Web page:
In this paper a phase recovering scheme from the optical vortex microscope is presented. Laguerre-Gaussian beam with the vortex charge equal to one passes through the phase sample and then is detected at the observation plane. The sample modifies the internal structure of the vortex beam. The way of measuring such perturbation is presented. Numerical results are confirmed by the experiment.
We present an idea to use optical vortex as a spatial light modulator (SLM) phase modulation depth marker. It can open a way to fast and efficient SLM calibration, which is required especially for SLMs that are able to change between introduced phase shift. Additionally, it may be used to control optical system aberrations and proper SLM phase shift, simultaneously. In this paper, the typical calibration method is discussed in brief. Next the new method based on vortex quality inspection is presented. The idea of the new method is preliminary verified in experiment, which is followed by a discussion of further research, that need to be done.
Optical vortex microscope is an optical system in which the beam illuminating the sample contains the optical vortex- a characteristic structure which contains a point of zero amplitude and undefined phase. Such a beam is very sensitive to the phase or amplitude defects which are introduced into it. In this paper we analyze experimentally the response of the optical vortex microscope to the small phase changes introduced into the beam.
One of the challenges for the Optical Vortex Scanning microscope is to find the effective procedures for surface
topography reconstruction. We proposed an experimental setup to support solution of this problem. The Spatial Light
Modulator (SLM) is used as a phase object. SLM allows to generate phase disturbance in the range 0-2π, which can be
easily introduced into the beam carrying optical vortex. Our system gives an opportunity to measure optical vortex
response due to phase modifications introduced by the SLM and investigate vortex sensitivity. We tested how the object
position, size affects vortex and position of the vortex point inside the beam.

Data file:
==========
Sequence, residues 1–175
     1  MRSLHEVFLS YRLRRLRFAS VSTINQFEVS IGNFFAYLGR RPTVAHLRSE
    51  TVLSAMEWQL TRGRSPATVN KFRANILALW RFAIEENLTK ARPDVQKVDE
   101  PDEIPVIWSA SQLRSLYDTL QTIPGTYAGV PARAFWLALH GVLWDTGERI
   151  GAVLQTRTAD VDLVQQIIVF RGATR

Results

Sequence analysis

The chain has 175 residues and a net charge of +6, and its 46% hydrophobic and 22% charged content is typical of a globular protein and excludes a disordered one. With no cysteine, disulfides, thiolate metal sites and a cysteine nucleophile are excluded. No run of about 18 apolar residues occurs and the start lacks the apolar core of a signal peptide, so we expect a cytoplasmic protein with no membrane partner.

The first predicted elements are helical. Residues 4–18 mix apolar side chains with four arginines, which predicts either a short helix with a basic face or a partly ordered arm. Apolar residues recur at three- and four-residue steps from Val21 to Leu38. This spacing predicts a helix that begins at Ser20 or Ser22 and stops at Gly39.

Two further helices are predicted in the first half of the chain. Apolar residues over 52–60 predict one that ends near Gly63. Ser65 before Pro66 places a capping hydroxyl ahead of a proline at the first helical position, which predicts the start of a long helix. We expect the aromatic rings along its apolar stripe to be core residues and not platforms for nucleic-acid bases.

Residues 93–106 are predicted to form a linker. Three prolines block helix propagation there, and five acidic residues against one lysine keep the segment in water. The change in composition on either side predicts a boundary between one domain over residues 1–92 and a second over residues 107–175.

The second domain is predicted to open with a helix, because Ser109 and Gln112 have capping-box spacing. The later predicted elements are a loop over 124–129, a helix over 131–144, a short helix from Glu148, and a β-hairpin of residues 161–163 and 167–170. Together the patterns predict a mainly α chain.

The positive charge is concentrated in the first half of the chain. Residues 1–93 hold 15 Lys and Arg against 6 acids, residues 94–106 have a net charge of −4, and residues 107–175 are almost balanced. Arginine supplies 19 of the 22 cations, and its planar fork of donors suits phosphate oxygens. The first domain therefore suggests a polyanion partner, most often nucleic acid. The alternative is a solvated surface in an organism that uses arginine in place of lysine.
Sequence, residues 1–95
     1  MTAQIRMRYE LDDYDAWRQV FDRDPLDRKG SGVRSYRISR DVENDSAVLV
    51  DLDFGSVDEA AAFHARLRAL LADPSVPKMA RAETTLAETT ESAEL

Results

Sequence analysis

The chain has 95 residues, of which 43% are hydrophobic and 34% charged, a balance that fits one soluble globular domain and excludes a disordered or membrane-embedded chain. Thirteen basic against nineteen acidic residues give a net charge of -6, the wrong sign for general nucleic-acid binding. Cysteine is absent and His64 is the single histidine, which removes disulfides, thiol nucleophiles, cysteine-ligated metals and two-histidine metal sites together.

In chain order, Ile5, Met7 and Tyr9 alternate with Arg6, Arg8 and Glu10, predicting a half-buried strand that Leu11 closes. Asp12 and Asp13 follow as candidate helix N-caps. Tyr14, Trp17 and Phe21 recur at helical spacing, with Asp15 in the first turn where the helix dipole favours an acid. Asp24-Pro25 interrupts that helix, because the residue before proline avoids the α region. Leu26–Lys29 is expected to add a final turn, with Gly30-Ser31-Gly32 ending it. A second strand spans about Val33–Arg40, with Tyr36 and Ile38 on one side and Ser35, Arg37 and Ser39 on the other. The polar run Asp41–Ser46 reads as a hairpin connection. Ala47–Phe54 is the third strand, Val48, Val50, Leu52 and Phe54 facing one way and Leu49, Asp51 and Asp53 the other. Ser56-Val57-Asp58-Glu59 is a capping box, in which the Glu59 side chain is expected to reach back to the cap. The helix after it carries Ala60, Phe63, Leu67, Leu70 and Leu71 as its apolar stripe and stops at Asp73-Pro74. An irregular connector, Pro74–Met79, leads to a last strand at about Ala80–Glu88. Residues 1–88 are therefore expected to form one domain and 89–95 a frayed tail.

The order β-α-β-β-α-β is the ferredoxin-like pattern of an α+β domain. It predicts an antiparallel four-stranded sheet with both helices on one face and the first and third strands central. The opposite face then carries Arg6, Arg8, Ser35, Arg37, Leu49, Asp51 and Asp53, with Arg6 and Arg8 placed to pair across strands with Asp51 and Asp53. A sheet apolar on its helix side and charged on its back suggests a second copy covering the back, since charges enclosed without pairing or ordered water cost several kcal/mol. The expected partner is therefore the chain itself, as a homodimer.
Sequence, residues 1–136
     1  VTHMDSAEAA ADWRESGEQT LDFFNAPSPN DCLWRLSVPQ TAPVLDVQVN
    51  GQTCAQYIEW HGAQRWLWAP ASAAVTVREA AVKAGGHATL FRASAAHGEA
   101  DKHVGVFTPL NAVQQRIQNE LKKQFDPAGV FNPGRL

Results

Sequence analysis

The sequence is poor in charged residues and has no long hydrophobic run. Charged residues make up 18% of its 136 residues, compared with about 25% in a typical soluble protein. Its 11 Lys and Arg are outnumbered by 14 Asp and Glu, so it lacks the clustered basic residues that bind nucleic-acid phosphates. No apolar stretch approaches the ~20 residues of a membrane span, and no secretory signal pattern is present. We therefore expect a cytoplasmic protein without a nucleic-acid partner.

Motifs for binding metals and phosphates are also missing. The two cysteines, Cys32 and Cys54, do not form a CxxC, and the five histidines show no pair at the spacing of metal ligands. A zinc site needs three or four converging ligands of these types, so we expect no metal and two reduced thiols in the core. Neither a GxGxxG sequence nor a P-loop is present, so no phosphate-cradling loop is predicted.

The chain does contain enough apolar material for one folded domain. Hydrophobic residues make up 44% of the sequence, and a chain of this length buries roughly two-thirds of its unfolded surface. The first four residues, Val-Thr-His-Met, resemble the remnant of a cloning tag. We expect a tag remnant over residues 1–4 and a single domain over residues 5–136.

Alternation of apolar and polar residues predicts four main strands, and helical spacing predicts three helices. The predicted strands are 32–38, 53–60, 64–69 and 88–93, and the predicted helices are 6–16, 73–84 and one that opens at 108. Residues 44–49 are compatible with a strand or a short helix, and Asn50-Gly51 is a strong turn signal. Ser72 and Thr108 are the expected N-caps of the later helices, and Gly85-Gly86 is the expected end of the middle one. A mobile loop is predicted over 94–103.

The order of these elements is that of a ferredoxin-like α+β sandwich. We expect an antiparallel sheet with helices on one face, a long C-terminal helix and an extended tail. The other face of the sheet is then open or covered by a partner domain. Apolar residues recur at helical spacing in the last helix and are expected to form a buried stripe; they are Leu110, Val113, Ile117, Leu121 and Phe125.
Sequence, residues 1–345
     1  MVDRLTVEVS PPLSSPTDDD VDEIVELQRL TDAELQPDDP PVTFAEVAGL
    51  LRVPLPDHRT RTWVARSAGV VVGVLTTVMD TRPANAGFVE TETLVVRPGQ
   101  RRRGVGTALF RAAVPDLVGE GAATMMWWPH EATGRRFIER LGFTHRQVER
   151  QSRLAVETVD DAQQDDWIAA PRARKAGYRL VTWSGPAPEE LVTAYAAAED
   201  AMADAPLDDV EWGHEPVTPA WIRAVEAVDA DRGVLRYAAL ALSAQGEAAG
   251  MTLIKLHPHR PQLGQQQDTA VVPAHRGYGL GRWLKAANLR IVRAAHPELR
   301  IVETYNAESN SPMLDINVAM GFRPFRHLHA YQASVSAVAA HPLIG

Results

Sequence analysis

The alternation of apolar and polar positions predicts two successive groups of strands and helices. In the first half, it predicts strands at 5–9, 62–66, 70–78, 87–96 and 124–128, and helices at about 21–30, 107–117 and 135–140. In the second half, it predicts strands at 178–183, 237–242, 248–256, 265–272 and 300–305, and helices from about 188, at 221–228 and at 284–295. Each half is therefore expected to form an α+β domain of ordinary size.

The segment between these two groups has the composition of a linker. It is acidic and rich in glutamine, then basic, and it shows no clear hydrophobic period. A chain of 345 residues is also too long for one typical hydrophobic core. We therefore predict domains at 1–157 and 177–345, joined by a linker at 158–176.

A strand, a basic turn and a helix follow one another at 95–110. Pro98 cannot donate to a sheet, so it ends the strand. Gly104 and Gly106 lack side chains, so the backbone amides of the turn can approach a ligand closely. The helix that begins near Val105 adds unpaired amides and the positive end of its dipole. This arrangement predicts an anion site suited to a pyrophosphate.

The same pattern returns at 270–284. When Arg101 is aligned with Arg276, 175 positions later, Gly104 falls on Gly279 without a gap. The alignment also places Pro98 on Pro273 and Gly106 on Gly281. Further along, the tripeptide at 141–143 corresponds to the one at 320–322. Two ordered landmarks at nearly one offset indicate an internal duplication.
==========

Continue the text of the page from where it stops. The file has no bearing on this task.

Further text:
In this work we consider a microscopic optical system in which the beam with an optical vortex illuminates the sample.
The sample modifies the geometry of the vortex beam wavefront and the information about it is transferred into the
detection plane. It is shown that the beam at the detection plane can be represented by two parts: non-disturbed vortex
part and sample part. We propose and test a scheme for recovering the phase changes caused by sample inserted into
the vortex beam. The numerical simulations are supported by the experimental work.
We consider a microscopic system in which the focused Gaussian beam with the embedded vortex illuminates the sample. The vortex beam is very sensitive to any imperfections introduced into it. Small defects introduced into the dark area of the vortex beam causes the change in its internal structure. We investigate theoretically and experimentally how the small rectangular groove introduced into the beam at the critical plane influence the phase structure of the beam. The analytical model of the setup is provided and following it the scheme for recovering the information about the sample is proposed.
We present the analytical model describing the Gaussian beam propagation through the off axis vortex lens and the set of axially positioned ideal lenses. The model is derived on the base of Fresnel diffraction integral. The model is extended to the case of vortex lens with any topological charge m. We have shown that the Gaussian beam propagation can be represented by function G which depends on four coefficients. When propagating from one lens to another the function holds its form but the coefficient changes.
The optical system working with focused Gaussian beam carrying a higher order optical vortex is considered. Additionally the optical vortex movement inside the beam is proposed allowing the precise scanning of the sample inserted into the beam. The analytical formula for the Fresnel diffraction integral with the shifted optical vortex has been calculated and compared with the numerical results. The experimental validation of this problem has been also presented.
We consider an optical system in which the optical vortex moves inside the focused Gaussian beam. The vortex movement is due to the vortex lens inserted in front of the focusing objective. We gradually shift the vortex lens along the x-axis which is perpendicular to the axis of laser beam propagation (z-axis). This causes that in the image plane vortex moves along a straight line but the line inclination depends on the position of the observation plane. There is a characteristic position of the observation plane, in which the vortex trajectory is perpendicular to the vortex plate shift. We call this plane a critical plane. The critical plane is sensitive to small phase variations which can be introduce by a transparent sample. We propose a way of retrieving the phase profile (at the critical plane) of such a beam. Our procedure is based on the Fourier transform phase demodulation method. We also investigate how the system reacts to the known phase variations introduced into the critical plane.